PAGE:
encoding is US-ASCII, or UTF-8 if I set the `# encoding: utf-8` at the =
    top of the file.

    Without the replace function the encoding is ASCII-8BIT. I've been =
    searching around for how to make all this work now I know this, and =
    poking around in the Sinatra and Rack source, but haven't found a =
    (working) answer yet. I'll post it when I do.

    Thanks very much for the help.

    Regards,
    Iain
     
    Iain Barnett, Dec 16, 2010
    #14
  15. Iain Barnett wrote in post #968894:
    >> service = params[:service]
    >> service.replace('servicename') # <<<<
    >> STDERR.puts service.inspect, service.encoding
    >> mymethod( service )
    >>
    >> Try running this with the marked line present, and with that line
    >> commented out.

    >
    > this bore some info. I'm running Ruby 1.92 (sorry, I should have
    > mentioned that) with Sinatra 1.1.0. With the replace function the
    > encoding is US-ASCII, or UTF-8 if I set the `# encoding: utf-8` at the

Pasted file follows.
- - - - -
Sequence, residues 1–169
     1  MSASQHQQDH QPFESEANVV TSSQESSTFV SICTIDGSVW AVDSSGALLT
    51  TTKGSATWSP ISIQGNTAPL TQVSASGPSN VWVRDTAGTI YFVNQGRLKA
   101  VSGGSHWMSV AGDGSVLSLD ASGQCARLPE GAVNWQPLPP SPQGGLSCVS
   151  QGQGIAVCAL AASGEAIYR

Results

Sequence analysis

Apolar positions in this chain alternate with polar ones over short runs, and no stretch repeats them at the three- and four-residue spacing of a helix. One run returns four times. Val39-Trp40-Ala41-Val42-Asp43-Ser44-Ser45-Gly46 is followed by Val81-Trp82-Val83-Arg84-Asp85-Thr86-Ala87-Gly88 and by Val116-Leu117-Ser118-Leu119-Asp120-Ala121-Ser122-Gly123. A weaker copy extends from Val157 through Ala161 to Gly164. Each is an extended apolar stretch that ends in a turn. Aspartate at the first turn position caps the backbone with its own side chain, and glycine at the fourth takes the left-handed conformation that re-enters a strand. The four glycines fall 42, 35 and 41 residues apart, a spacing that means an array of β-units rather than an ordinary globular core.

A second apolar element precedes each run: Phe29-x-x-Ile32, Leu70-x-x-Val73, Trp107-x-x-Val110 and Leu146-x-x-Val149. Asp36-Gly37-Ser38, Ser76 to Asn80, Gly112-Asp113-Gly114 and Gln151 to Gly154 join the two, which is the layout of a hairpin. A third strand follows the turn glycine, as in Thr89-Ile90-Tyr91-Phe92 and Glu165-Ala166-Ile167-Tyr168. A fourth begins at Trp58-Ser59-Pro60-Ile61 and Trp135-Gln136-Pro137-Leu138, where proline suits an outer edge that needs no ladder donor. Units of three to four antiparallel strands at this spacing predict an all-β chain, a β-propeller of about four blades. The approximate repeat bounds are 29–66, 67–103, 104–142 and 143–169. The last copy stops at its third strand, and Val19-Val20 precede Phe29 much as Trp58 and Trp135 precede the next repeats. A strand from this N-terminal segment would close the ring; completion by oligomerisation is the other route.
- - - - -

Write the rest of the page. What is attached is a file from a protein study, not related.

> top of the file.
    >
    > Without the replace function the encoding is ASCII-8BIT. I've been
    > searching around for how to make all this work now I know this, and
    > poking around in the Sinatra and Rack source, but haven't found a
    > (working) answer yet. I'll post it when I do.


    OK, well you should now be able replicate this without Sinatra:

    foo = "servicename"
    foo.force_encoding("ASCII-8BIT")
    mymethod(foo)

    Note that Sinatra gives you a parameter tagged as ASCII-8BIT, more or
    less by accident (i.e. it's not documented as far as I know); it's
    simply that Ruby defaults to ASCII-8BIT when reading data from a socket,
    as opposed to from a file.

    If you really want the gorey details, I attempted to document about 200
    ruby 1.9 string behaviours at
    https://github.com/candlerb/string19/blob/master/string19.rb

    Anyway, you can now investigate what's going on in mymethod() which
    might be affected by the encoding. If you are using sqlite3 inside that
    method, you may have hit upon the bug already discovered at
    http://www.ruby-forum.com/topic/476119

    If you don't want to understand what's going on, you can do
    service.force_encoding("UTF-8")
    and cross your fingers. It might fix the problem, or it might be hiding
    some other more serious problem which will explode on you at some